The lab results will come in slowly over the next two to six weeks as all the different cultures the doctor requested are grown in the lab.  The doctor is checking for both obvious and rare causes for my fibrosis. On the list are TB, chemical and asbestos exposure as well as a number of bacterial and viral causes. The doctors hope by finding a cause they will find a way to slow down the progression of this condition. 

I have never been a smoker but my first husband died from COPD and smoked heavily until his death. I breathed a lot of second hand smoke both at home and in my working life.  However there is no proof that smoking is the cause.  Doctors have said that currently there is no known cause for this condition and the only treatment is a lung transplant.  But, I have also been told that due to age, cancer and diabetes I am a poor transplant candidate. 

In fact, one specialist very bluntly told me he believes I only have two good years left before I end up on full time oxygen and that he felt I would be dead within five years.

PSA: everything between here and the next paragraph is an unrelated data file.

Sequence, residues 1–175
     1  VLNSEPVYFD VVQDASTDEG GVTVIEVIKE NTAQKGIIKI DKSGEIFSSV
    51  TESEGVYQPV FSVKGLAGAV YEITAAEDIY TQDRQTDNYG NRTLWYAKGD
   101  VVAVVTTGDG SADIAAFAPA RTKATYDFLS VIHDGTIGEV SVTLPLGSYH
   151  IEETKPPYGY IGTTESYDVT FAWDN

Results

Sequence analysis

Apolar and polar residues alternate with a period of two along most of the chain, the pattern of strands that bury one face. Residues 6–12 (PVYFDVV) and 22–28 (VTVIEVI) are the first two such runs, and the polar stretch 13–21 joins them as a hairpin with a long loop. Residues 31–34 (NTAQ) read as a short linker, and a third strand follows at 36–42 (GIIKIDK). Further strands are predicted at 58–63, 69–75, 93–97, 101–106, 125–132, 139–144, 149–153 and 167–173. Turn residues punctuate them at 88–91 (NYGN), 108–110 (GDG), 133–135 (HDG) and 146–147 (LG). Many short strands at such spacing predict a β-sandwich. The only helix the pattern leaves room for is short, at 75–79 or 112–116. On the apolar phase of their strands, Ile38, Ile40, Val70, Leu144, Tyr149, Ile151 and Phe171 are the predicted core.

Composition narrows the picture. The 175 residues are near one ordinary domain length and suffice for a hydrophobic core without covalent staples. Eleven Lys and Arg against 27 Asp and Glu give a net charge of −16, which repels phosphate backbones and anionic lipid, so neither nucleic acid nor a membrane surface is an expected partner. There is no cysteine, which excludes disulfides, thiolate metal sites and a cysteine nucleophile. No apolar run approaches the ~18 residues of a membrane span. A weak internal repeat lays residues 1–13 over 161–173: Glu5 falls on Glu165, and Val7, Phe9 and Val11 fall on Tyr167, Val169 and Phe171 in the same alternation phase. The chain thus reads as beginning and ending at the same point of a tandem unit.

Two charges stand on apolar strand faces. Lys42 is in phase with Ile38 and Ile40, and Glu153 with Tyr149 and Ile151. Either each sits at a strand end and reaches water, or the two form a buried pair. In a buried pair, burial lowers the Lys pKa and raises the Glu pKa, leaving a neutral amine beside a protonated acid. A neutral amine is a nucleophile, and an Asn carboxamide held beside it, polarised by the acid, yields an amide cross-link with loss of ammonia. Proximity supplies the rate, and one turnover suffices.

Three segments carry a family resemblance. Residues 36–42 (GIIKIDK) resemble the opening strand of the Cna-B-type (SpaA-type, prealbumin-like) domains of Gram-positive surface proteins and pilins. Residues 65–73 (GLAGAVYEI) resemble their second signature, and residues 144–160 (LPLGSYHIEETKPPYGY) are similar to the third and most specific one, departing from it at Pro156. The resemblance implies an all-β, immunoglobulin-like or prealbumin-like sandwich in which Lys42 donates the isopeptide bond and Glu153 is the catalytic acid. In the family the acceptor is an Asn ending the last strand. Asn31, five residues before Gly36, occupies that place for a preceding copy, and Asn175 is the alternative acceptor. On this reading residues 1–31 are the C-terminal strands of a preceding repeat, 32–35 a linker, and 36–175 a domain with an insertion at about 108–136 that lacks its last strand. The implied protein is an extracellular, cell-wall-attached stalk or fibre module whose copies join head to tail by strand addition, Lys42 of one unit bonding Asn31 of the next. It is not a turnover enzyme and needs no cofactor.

I am hopeful the doctor's diagnoses is wrong.   Current studies show that doctors are mistaken about 15 to 20 percent of the time on average. And, of course, some doctors more than others.   If that fails I am certainly going to do everything in my power to defy the odds.  Studies we have found say the median life expectance for this condition is ten years.  That means that as many people live beyond ten years as die before then.  But, a relative  had this condition and lived almost twenty years with it.  Admittedly her last few were difficult for both her and her children.  While my diagnoses is not the same as my first husband's was, he did live for fifteen years after he was told he had six months at best.  

Having already lived through being a caretaker for someone who was dying of a lung disease I know what to expect when my condition reaches the point where I cannot get enough oxygen to sustain normal activities.

My worry however is not for myself, it has to do with the tole this is taking on the Old Salt.  He is not dealing with it very well and I can't fall apart because he does better when I am not upset.